Using our imaging system, we have also found that oncogenes can subvert the normal balance of asymmetric and symmetric division. Interestingly, although the oncoprotein BCR-ABL had a clear impact on increasing the rate of cell division and decreasing the rate of cell death, it did not affect the choice between asymmetric and symmetric division compared to control conditions. In contrast, NUP98-HOXA9 led to a significant increase in symmetric renewal divisions but did not affect the rates of division and cell death. The differential impact of the two oncogenes may be important because BCR-ABL is mostly associated with CML, which is an indolent disease with intact differentiation. In contrast, NUP98-HOXA9 is often associated with AML and blast crisis CML, cancers that display an aggressive growth of more immature cells and reduced differentiation. It is important to note that, in mouse models, although the use of BCR-ABL recapitulates CML-like disease, NUP98-HOXA9 leads to a myelo-proliferative disease that progresses later to clonal AML. In addition, NUP98-HOXA9 can cooperate with BCR-ABL to lead to blast crisis phase of CML (Dash et al., 2002
; Mayotte et al., 2002
). It is possible that it is the differential impact of these oncogenes on the balance of asymmetric and symmetric divisions that defines the ability of BCR-ABL to induce only a chronic and differentiated disease and NUP98-HOXA9 to induce a more aggressive and undifferentiated disease.
Our work provides an important mammalian complement to studies of Drosophila
neuroblasts that have examined the consequences of mutations of genes that are involved in asymmetric renewal on tumor formation. Neuroblasts are normally polarized along their apical-basal axis, and the apical cell becomes another neuroblast while the basal daughter becomes the ganglion mother cell that goes on to make differentiated cells. Mutations of the gene brat, which normally segregates asymetrically to specify the differentiated fate, lead to unregulated growth of two uncommitted daughter cells and subsequent tumorigenesis (Betschinger et al., 2006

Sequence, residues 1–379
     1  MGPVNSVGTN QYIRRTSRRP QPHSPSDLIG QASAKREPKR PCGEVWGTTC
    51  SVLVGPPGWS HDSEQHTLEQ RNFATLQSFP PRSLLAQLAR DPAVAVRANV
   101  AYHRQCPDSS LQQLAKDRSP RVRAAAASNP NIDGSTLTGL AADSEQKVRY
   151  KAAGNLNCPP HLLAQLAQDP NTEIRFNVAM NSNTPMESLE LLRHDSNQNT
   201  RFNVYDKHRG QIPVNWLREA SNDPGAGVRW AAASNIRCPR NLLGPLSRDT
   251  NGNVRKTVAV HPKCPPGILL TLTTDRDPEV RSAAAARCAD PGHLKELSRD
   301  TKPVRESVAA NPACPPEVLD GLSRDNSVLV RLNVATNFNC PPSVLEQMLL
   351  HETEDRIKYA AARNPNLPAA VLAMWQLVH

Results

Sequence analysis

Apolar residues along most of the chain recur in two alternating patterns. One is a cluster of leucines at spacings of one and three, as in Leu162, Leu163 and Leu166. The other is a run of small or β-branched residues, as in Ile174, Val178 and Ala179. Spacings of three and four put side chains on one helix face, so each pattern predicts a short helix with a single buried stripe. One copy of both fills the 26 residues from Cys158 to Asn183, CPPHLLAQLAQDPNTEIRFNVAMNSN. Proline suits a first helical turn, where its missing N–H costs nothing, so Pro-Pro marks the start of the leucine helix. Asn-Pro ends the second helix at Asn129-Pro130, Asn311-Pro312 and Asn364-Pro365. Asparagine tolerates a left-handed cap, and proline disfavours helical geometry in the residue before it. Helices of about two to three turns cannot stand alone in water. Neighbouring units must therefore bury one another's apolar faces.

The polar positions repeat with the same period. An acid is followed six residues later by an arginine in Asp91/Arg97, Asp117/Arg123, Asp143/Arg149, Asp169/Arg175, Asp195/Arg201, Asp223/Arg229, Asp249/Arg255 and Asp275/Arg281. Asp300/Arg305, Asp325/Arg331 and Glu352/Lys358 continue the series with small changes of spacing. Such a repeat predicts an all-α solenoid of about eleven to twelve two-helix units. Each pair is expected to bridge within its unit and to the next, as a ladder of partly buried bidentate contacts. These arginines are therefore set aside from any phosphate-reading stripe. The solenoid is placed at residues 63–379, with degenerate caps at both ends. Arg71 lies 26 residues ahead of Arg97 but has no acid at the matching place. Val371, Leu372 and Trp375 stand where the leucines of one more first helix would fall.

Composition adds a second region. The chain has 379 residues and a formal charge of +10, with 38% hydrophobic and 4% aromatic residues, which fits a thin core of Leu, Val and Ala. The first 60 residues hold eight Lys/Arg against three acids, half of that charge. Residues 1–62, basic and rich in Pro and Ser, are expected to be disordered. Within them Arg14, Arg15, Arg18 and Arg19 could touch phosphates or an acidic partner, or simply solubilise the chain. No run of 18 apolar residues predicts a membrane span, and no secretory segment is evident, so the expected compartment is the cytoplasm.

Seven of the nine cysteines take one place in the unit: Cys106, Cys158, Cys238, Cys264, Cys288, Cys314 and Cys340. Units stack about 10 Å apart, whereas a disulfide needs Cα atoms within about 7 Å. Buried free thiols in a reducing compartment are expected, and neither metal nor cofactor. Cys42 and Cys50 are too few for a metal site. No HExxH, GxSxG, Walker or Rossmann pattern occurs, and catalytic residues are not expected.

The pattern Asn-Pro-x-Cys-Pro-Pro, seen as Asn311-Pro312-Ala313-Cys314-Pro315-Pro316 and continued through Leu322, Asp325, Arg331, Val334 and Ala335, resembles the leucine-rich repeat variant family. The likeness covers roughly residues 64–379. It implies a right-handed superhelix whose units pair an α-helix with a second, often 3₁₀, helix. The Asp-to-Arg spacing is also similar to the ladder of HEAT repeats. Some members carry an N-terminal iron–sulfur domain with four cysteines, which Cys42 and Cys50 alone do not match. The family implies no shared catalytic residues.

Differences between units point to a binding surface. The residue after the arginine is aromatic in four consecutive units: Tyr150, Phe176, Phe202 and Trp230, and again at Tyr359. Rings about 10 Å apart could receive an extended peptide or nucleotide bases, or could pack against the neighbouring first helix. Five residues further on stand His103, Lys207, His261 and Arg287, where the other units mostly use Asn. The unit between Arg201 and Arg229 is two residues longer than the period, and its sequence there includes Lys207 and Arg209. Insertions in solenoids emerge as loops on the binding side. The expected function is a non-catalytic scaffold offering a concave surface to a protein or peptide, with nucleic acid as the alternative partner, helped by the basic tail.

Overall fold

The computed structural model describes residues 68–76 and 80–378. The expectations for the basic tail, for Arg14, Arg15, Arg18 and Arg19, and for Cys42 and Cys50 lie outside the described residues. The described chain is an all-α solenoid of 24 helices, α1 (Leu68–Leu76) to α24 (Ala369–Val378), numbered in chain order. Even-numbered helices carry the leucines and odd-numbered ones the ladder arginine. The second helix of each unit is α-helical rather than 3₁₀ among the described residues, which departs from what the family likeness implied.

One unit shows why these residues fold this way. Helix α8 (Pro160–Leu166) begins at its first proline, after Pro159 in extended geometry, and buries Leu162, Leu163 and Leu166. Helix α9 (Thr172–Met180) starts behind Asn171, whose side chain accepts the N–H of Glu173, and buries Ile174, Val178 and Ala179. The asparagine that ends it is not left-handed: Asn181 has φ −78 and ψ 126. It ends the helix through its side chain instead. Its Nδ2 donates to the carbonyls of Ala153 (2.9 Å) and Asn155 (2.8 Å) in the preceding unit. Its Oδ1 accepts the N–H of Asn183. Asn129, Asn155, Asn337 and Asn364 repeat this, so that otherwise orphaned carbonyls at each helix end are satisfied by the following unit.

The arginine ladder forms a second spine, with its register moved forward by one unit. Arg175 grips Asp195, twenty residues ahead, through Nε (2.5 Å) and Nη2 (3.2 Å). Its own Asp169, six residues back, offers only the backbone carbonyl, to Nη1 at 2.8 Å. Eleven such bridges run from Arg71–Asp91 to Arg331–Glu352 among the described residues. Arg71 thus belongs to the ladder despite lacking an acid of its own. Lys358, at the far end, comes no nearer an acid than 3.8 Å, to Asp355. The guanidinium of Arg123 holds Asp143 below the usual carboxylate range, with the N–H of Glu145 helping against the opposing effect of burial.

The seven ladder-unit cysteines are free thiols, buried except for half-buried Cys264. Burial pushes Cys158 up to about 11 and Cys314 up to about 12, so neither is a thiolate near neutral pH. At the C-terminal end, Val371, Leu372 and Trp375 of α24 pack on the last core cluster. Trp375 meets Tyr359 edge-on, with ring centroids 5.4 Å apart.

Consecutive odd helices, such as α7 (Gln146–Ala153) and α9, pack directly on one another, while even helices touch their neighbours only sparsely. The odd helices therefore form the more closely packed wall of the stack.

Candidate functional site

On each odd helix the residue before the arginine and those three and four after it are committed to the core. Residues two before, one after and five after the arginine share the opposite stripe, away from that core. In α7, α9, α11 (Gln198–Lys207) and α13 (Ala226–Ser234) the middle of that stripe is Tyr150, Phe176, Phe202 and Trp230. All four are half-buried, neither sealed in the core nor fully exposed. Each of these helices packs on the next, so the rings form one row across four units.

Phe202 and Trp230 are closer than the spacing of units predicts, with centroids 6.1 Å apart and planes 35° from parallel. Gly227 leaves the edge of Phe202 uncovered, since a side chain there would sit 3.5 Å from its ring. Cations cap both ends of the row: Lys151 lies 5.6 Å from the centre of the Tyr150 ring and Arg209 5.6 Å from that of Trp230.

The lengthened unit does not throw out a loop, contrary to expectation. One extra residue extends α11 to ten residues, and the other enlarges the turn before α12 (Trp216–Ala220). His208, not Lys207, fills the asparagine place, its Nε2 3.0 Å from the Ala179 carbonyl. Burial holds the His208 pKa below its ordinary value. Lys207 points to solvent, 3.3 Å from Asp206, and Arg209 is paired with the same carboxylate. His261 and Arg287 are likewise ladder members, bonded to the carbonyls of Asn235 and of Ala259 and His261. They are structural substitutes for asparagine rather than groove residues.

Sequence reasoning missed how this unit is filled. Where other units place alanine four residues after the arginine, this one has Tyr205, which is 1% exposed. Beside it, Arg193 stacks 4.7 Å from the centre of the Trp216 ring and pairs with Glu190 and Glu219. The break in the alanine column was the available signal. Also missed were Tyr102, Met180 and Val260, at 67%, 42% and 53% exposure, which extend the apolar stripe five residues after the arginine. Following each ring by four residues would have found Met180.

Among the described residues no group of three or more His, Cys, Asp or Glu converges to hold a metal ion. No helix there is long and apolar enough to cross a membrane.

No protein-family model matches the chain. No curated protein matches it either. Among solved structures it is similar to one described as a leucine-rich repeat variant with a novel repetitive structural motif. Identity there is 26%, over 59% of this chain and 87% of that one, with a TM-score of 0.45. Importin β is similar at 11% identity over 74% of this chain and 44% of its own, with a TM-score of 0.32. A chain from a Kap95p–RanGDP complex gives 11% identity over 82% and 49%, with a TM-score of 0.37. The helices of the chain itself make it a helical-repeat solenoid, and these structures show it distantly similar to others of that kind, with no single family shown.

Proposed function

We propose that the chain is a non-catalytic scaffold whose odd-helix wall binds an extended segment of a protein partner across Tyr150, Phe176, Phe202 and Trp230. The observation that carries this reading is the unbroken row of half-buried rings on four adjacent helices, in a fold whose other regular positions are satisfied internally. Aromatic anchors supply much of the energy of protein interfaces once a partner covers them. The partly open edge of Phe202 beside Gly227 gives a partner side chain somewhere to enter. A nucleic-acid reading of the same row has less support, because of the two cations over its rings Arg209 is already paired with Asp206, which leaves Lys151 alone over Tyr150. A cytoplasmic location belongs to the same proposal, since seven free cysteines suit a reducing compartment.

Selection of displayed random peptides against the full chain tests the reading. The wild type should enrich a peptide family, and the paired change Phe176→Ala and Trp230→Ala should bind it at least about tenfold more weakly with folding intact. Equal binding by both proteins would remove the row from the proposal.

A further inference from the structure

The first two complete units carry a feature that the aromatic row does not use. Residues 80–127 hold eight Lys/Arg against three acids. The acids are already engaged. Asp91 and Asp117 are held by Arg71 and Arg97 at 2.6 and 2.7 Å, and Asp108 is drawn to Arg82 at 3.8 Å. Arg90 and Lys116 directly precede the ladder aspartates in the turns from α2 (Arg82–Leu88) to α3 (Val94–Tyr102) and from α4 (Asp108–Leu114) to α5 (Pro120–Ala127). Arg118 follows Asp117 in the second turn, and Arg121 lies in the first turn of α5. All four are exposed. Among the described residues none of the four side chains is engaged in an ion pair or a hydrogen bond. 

; Lee et al., 2006
). In addition, altering asymmetric division of neuroblasts by mutating the asymmetrically distributed protein Numb, Miranda, or prospero leads to overgrowth of neuroblasts and subsequent formation of tumors (Caussinus and Gonzalez, 2005
). These data suggest that, at least in flies, subversion of the balance between symmetric and asymmetric division is an important component of tumor growth. Our data indicate that such subversion of a normal cell-division pattern also in fact occurs during mammalian oncogenesis. However, by comparing the effects of different oncogenes, our work also suggests that the alteration of asymmetry may be specific to some oncogenes and not others, and raises the possibility that whether an oncogene alters asymmetry may dictate the type of leukemia it generates. Perhaps one of the more exciting implications of our findings is that molecules that alter the choice between symmetric and asymmetric division could be used to inhibit or slow the aggressive growth of acute leukemias. Only further work along these lines will reveal whether altering the aberrant symmetry of transformed cells can be a new target for cancer therapy.